New Subway Transportation Chief Named

Herbert E. Lambert, with more than 30 years of service in MTA New York City Transit's Department of Subways, has been named to the position of Chief Transportation Officer, Rapid Transit Operations.

Photo of Herbert E. Lambert

In this position, Lambert is responsible for planning, directing and controlling the daily operation of the largest subway system in North America, ensuring its smooth and efficient operation. He replaces John Johnson who retired earlier this year.

A life-long New Yorker, the 55-year old Lambert worked his way up from his 1981 entry position as a train conductor. As he worked his way through jobs with increasing responsibility, he demonstrated an instinct for subway operations. He rose rapidly through RTO ranks to become a Rail Control Center Superintendent in 1993. Continuing to demonstrate a penchant for transportation operations, he went on to become a General Superintendent, Control Center, and then Senior Director, Rail Operations Support. Very much a hands-on manager in his high level positions, Lambert is as likely to be found in the system, or at the scene of an incident as manning the Rail Control Center.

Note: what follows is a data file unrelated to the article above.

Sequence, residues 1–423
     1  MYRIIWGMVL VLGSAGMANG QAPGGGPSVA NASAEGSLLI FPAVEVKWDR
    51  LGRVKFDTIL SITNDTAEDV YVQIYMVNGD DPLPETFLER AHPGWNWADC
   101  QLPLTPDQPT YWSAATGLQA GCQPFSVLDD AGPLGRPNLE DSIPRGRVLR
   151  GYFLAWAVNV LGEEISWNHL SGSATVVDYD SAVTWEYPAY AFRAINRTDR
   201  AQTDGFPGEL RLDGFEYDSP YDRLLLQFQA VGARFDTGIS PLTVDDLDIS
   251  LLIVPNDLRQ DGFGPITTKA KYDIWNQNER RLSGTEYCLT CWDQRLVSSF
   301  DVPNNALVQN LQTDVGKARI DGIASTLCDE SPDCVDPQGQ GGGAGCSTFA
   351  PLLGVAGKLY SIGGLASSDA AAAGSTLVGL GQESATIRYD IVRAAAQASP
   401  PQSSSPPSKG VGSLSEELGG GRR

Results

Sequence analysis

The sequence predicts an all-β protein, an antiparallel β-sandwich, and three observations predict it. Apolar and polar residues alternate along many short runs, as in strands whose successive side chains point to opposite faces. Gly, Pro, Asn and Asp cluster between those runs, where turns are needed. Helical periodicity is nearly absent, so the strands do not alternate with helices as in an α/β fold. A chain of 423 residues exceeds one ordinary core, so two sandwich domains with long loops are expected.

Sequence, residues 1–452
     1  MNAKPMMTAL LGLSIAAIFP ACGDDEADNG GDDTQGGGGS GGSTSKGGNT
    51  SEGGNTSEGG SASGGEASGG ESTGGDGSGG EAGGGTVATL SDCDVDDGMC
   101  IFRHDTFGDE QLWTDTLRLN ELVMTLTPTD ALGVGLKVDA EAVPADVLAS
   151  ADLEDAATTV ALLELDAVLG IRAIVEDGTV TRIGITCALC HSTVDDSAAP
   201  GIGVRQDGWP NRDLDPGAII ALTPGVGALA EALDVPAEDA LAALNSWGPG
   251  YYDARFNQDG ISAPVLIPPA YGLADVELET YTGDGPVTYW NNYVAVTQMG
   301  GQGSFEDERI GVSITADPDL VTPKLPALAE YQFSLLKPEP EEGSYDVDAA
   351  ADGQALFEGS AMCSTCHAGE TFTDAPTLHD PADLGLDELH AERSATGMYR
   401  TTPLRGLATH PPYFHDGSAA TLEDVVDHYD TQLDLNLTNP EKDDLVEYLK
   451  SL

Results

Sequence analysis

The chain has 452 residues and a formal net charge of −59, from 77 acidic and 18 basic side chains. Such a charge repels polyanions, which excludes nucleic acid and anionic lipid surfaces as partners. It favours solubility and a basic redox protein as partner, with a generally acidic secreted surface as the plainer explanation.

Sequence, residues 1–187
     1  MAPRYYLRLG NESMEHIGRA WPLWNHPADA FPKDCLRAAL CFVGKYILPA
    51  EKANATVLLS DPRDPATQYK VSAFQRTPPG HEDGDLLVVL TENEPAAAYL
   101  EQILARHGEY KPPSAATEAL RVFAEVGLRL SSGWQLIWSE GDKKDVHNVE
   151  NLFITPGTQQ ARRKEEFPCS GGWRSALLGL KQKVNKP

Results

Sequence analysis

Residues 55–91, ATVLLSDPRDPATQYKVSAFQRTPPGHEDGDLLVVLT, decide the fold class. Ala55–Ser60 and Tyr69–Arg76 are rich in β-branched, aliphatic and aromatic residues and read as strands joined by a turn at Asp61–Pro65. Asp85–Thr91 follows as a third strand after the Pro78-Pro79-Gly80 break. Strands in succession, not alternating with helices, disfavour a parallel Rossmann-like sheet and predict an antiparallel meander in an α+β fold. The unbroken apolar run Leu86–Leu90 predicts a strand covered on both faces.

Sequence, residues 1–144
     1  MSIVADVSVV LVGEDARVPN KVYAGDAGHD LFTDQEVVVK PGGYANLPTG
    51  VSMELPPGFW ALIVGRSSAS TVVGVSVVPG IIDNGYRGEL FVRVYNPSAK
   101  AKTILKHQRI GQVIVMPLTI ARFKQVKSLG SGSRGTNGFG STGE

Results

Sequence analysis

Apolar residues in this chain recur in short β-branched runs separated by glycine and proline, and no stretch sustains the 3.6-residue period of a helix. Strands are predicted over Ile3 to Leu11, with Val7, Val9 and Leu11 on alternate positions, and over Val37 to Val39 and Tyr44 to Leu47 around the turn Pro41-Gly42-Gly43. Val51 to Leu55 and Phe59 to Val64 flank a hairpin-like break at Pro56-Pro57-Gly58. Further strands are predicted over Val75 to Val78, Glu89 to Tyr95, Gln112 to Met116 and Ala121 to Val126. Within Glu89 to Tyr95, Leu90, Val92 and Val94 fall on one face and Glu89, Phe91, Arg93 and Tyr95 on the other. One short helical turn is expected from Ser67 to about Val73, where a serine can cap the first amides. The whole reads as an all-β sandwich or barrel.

Aside from normal operations, Lambert oversaw the operations of the Rail Control Center on 9/11 and helped direct the planned shutdown and resumption of subway service during August 2011's Hurricane Irene.

"Herbie brings a wealth of experience to a demanding job and over the years, he has demonstrated the ability and judgment necessary to help guide the daily operation of a subway system that carries more than five million customers, and 8,000 train trips each day," said Carmen Bianco, Senior Vice President of the Department of Subways.

In his most recent position, Lambert served as Assistant Chief Transportation Officer of the B Division (lettered lines), a job he held for the past year. He retained that position even after being named Acting Chief Transportation Officer in April, performing both simultaneously.

"I am looking forward to serving in what I believe to be one of the most interesting, yet challenging jobs in the transportation industry," said Lambert. "Each day it is a pleasure coming to work. No two days are alike, but that is part of the attraction of the job and the business we are in."